Access to information and knowledge is a governance domain involving a broad range of stakeholders at different levels. As will be apparent from some of the thematic reports in this volume, this results from the diversity of the issues it subsumes, including intellectual property rights, access to public information, open standards, broader communications rights such as freedom of expression, and issues around ownership of and participation in the media.
The OpeningScholarship Project, Centre For Educational Technology, University of Cape Town
Overall, 2008-2009 has seen a remarkable forward momentum in the adoption of policies and interventions for access to knowledge at all levels – among international agencies, national governments and institutions in the developed and developing world. 
We live in a divided world where far too many people live in abject poverty. To help these people get out of poverty is good for the world as a whole, for great disparities in wealth will lead to violence and terrorism and no one can live in peace and harmony. None of the Millennium Development Goals (MDGs) can be achieved if we fail to address the problem of poverty and ensure livelihood security for the majority of the poor.
Not so long ago, to gain access to information about the law, one had to go to a specialised law library, to a courthouse, or to a legislature. In many parts of Europe and the United States (US), today, the primary law is published online. If you want to know about legislation recently passed in the US Congress, the answer is a Google search away. The same is true of a new opinion handed down from the Supreme Court. Publication tends to be prompt; access is nearly instantaneous and free.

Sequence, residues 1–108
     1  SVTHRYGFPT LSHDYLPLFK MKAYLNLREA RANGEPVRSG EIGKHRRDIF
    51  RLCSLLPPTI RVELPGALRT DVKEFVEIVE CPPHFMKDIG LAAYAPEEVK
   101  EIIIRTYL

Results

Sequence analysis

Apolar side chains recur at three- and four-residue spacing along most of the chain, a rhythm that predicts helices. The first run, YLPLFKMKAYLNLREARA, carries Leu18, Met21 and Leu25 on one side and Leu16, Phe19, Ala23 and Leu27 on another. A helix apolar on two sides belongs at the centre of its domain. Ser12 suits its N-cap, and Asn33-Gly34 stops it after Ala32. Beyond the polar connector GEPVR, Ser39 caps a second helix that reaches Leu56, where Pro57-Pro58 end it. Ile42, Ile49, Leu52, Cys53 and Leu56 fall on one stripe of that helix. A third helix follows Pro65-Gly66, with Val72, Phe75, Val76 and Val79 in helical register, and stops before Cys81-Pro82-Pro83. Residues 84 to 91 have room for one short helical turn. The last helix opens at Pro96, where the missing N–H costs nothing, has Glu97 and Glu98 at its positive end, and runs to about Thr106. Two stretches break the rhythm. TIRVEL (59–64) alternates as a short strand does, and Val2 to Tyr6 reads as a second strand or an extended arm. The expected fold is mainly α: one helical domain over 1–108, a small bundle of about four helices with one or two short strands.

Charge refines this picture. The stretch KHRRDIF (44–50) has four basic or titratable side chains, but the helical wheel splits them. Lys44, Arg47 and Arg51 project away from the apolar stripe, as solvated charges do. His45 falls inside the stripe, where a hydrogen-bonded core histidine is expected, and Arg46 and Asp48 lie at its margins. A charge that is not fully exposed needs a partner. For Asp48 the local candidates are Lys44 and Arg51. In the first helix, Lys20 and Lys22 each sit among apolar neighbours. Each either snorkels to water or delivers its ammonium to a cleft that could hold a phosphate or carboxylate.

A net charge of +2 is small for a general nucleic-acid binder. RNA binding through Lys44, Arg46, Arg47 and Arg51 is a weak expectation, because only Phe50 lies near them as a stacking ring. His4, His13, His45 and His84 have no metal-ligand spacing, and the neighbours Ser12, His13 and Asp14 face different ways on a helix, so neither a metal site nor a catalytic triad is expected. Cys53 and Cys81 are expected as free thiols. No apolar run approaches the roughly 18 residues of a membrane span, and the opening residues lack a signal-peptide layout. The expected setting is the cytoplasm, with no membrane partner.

The issues of access to information and intellectual property (IP) rights are fundamentally intertwined. A properly calibrated IP system is one of several factors that can facilitate access to information by protecting incentives to create and disseminate content while simultaneously safeguarding the human rights of freedom of expression, communication and cultural participation. Equilibrium in IP law, policy and practice is affected by a number of key issues and institutions.
Information and knowledge are crucial factors in human development. We are reminded of this constantly, from the “knowledge economy” we live in, to the emotional and financial power that information and communications technologies (ICTs) have over our lives. In the words of philosopher Francis Bacon, “Scientia potentia est” – knowledge itself is power. Present-day movements for access to knowledge and the right to information have their origins in this simple and arguably ancient idea.